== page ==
Protest in Russia
Despite fears of arrests hundreds of Muscovites came to vigils. It was a quiet afternoon full of anger at three monuments.
MOSCOW taz | Moscow has turned into a boulevard since Mayor Sobyanin's city revolution plans. With wide, bright sidewalks, with green avenues. So you stroll. Now you walk through the lush downtown – as a sign of dissatisfaction. Demonstrating as a sign of dissatisfaction is not acceptable to the Kremlin. People practice other forms of peaceful protest. Sometimes they call it political walks, sometimes they stand alone, holding up posters. Such vigils do not have to be approved according to the Russian constitution.
This Saturday was such a "Piket" day, as the Russians say. Single demonstrations at three monuments in the city center, closely watched by the police. After the approved demo last Saturday with just under 60,000 people and the unauthorized two and three weeks ago, when the special forces had cracked down and arrested several hundred protesters, the police are holding back this time.
A respite in the Moscow uprising, which is no longer about the registration of opposition candidates for the election of the Moscow City Duma on 8 September.
In front of the monument to Vladimir Vysotsky, arguably the greatest Soviet singer-songwriter, next to the peach-colored building of the Moscow City Parliament, the gathering of people this afternoon recalls the earlier Strategy 31 movement – protests between 2009 and 2011 on the 31st of each month and recalled Article 31 of the Russian Constitution: freedom of assembly.
People stand close to each other, talking quietly, surrounded by numerous journalists from the city. Some eat ice cream, others take a selfie with the representative of the Russian Human Rights Council Nikolai Swanidze or the former presidential candidate Grigori Jawlinski of the liberal "Yabloko" party. A few blocks away, Russian Communists called for free elections. Nearly 4,000 people come.
"Take off your masks"
Meanwhile, the so-called non-system opposition meets at the three monuments. Gradually, individual posters are holding high. "Time for change" says it or "Take off your masks". Masks that have recently been worn by Moscow special police when they break up unauthorized protests in the city. When they beat people demonstrating peacefully with their truncheons, they drag them into prisoners.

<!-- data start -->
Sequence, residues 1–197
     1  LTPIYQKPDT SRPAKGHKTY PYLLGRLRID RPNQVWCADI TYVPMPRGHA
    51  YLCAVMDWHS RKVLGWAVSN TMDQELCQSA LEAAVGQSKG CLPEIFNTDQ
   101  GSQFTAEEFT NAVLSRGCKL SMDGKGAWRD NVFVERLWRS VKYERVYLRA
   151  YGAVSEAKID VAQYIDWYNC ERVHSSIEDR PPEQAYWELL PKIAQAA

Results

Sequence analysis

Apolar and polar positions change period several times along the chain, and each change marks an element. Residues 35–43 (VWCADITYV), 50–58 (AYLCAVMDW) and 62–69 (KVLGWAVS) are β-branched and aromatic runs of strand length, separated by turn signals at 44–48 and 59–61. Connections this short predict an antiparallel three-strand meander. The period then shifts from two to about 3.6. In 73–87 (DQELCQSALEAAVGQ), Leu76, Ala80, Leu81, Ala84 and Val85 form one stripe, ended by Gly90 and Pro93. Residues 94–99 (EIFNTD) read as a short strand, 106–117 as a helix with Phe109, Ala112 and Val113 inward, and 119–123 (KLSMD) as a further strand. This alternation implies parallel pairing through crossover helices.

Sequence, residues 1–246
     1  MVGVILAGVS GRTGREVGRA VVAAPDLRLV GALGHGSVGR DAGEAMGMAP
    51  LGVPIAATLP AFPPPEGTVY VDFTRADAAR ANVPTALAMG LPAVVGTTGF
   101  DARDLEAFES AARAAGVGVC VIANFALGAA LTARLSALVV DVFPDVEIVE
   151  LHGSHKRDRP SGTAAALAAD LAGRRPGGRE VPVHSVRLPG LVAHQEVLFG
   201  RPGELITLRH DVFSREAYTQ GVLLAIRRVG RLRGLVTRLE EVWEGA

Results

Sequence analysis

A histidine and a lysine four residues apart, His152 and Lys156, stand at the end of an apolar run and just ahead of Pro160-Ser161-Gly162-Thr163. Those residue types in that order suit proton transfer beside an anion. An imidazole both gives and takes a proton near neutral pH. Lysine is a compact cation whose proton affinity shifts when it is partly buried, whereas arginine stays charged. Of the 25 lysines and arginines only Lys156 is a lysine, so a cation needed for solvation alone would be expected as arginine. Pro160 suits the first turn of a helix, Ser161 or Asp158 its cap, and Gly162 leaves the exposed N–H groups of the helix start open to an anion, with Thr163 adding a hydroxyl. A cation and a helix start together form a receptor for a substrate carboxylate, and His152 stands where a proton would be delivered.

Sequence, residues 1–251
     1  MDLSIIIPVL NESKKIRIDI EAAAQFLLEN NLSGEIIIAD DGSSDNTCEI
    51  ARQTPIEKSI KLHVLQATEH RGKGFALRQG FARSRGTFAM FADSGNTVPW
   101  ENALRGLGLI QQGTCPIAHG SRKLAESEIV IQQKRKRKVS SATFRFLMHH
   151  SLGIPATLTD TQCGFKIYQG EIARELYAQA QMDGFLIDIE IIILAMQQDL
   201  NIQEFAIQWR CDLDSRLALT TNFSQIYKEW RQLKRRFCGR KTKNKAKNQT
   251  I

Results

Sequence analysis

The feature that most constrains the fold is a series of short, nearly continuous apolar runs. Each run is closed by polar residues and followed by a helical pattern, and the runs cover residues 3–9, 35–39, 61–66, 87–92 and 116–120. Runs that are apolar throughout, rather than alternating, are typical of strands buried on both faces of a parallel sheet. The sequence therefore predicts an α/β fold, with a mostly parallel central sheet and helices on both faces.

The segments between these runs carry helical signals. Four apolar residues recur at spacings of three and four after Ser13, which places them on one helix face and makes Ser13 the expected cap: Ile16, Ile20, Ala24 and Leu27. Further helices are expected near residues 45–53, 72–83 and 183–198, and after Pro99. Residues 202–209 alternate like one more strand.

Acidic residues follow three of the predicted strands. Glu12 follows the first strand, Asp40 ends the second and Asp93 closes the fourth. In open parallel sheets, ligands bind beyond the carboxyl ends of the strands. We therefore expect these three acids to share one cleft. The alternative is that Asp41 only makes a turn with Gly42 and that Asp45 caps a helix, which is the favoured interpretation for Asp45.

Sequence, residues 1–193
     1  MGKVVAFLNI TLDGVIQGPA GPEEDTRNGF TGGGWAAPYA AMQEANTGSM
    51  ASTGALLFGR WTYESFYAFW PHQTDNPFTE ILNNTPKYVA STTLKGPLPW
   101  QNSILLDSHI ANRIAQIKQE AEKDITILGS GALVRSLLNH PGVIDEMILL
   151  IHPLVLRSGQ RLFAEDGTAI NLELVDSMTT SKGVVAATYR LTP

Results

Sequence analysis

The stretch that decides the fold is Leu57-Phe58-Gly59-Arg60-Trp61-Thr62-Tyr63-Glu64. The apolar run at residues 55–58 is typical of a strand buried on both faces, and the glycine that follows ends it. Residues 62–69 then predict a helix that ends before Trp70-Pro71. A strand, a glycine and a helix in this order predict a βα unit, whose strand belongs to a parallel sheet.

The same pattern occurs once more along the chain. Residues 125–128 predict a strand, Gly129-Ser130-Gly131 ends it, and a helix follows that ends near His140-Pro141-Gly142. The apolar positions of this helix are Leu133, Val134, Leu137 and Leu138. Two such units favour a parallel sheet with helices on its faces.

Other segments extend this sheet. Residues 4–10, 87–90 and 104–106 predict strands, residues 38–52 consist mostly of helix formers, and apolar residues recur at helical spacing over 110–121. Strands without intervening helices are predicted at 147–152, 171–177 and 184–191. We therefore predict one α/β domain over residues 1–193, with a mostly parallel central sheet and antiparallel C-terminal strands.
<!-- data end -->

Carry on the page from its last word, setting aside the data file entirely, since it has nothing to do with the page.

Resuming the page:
They have become nameless and faceless symbols of the Russian state, an anonymous power that does not hear what people have to say.
What Olga has to say to her. Olga, in his mid-50s, has been involved in protest actions since the 2000s. Or Konstantin, the pupil who first discovered politics a year ago. "It can not go on like that," both say, as different as they are. Both want to remain anonymous. "One no longer knows what can be accused of suddenly," says Olga, who is not Olga. "It's my duty to go out here, despite the risk of getting a baton on the head. We have to make every politician feel personally responsible to his constituents, "she says.
Konstantin, who was already in trouble with the police and the headmaster because of his activism, no longer wants to support the "Do not mix" attitude. "I want to live as a free person in Russia. I do not want to leave here, I want to change my country, so that a life in dignity is possible. "In the past Saturdays, he" walked "in the city, has watched the arrests, the proceedings for" mass riots "pursued. "Our state is just outrageous."
The election of the Moscow City Duma, an institution that has little political weight, has become an outlet for their fight, so many say at the Wyssozki Monument, against systematic political repression in the country. The student Konstantin is disappointed. "The political apathy of many is unbearable. We have to become more, much more, then maybe something will change here. "Next Saturday he wants to" walk "again, on the sixth Saturday in a row.
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